The Co-operative Bank of Kenya (Co-op) has offered an initial Sh1 billion to acquire a 90% stake in Jamii Bora Bank , small lender disclosed ahead of its July 1 shareholders meeting.
The deal will see all Jamii Bora’s shareholders squeezed into a 10% stake but Co-op Bank’s will still give it the right to appoint the lender’s board and management.
This is different from the initial plan in March where the parties announced that Co-op Bank would purchase 100% in Jamii Bora. In the new agreement, the existing shareholders will not take out any cash.
The investors, including former Jamii Bora’s chief executive Sam Kimani and his successor Tim Kabiru and private equity firm Catalyst Principal Partners, were scheming to make Sh1.4 billion when they tried to sell the bank to former CBA Group in January of 2019.
The proposed deal flopped and CBA went on to merge with the former NIC Group to create NCBA Group
In the transaction to acquire Jamii Bora Bank, Co-op will be issued with 224.1 million new “Class A” shares which are equivalent to nine times the volume of stock held by the current shareholders.
“That in accordance with sections 399 and 400 of the Companies Act, the existing issued 24.9 million ordinary shares of Sh66 each be and are hereby redesignated and reclassified as Class B ordinary shares, such shares retaining their existing rights.” reads part of the statement.
On July 1, Jamii Bora shareholders will vote on the CoopBank offer of Sh1 billion to allow them inject more cash.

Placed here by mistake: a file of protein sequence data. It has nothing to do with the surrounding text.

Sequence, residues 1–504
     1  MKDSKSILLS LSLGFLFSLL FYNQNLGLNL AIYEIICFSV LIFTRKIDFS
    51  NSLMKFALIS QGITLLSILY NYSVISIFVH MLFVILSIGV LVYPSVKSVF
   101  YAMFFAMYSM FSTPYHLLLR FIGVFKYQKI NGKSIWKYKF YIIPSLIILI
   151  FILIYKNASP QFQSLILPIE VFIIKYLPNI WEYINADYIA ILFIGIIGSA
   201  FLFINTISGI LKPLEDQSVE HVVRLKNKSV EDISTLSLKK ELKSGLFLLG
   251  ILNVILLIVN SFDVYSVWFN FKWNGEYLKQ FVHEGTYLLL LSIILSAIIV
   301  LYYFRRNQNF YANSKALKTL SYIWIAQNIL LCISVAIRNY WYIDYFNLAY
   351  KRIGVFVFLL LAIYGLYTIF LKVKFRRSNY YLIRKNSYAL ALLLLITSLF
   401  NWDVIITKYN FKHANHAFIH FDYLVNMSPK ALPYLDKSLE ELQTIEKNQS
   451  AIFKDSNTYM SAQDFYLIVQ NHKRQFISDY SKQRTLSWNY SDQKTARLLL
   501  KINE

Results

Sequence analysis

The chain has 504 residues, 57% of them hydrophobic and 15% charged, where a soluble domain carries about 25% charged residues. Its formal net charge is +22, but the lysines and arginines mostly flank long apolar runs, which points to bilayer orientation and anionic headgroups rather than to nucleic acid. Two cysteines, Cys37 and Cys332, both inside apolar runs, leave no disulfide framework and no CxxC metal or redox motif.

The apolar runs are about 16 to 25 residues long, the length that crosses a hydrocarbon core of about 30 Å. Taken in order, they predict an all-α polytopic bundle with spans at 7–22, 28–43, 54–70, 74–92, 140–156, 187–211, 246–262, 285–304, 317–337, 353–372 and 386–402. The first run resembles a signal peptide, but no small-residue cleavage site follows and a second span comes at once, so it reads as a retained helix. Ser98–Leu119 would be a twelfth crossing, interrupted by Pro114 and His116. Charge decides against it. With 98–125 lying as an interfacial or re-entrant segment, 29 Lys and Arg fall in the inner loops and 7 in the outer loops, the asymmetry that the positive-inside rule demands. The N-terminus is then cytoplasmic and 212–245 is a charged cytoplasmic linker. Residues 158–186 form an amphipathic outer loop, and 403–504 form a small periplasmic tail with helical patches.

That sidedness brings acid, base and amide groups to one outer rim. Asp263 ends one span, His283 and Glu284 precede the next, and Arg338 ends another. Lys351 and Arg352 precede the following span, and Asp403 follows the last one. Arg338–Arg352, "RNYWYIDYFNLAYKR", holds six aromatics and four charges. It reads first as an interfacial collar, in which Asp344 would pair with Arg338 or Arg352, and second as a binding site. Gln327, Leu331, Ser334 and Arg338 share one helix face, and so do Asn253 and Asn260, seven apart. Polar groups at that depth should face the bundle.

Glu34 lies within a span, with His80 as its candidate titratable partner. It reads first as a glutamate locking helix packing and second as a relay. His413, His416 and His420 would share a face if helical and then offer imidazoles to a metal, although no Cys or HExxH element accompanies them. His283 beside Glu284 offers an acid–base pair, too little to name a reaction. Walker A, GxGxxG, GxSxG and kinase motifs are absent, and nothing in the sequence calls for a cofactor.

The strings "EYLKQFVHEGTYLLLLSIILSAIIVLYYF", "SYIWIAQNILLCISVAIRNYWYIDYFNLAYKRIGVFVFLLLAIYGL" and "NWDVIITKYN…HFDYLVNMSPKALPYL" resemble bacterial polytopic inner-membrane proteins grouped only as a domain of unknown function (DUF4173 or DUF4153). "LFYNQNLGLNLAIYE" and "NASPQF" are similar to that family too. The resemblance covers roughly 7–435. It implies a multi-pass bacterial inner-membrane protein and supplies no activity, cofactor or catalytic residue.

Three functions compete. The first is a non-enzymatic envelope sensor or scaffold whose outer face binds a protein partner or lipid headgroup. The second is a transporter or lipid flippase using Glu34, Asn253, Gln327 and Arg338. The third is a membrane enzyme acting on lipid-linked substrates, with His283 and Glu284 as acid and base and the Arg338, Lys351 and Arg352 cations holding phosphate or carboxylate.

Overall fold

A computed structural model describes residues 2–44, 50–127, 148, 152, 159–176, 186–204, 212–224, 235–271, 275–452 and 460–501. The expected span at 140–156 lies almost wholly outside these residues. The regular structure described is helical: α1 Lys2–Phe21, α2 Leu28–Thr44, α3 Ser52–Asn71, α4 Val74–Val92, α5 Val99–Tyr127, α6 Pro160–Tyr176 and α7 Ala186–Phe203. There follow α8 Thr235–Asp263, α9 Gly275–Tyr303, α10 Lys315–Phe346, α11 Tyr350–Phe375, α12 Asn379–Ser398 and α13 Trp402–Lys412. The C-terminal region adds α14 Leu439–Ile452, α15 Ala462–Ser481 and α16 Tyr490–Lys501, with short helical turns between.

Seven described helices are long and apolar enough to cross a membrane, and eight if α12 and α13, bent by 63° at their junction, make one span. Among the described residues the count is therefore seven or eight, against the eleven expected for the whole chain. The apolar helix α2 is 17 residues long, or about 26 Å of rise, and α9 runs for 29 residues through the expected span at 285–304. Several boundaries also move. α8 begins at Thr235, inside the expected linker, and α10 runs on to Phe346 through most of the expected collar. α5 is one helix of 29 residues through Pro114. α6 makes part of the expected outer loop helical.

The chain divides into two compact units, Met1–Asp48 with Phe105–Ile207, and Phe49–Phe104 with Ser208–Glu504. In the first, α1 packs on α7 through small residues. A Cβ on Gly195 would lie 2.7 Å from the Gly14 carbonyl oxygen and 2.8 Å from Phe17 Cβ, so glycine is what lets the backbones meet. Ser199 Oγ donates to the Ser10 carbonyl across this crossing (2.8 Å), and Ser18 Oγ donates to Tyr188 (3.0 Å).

Despite the difference in classes of stock, Jamii Bora says all the shareholders will have equal rightsof but the deal terms point a major loss for the current investors.
Their combined ownership will have a nominal value of Sh111 million when the construction is done which is a 93% drop from the current Sh1.6 billion.
The transaction aims at rescuing the bank other than making profit because a the lender was making losses and it’s capital was eroding.
“The Co-operative Bank shall be entitled to … the right to appoint all the board of directors of the company in order to drive the needed transformation agenda, and in the event that the company is liquidated or wound up and assets are distributed to the shareholders –to 90 % of such assets,” said Jamii Bora.
Jamii Bora has not published its financial results for over two years after it received an exemption from the Central Bank of Kenya (CBK) to facilitate its buyout.
The lenders last disclosures were a Sh51.2 million net loss and net assets of Sh3.4 billion in the first quarter of 2018.
Its liquidity ratio was -11.1% compared to CBK”s minimum requirement of 20% when the last disclosures were made.
The deal with Co-op was arrived at to save the lender from a deteroriated financial health with problems tracing back to a Sh412 million loan to Kenya Airways and Shs 500 million to Uchumi.
Kenya airways defaulted and Uchumi drooped to it’s current market value of Sh16.8 million.
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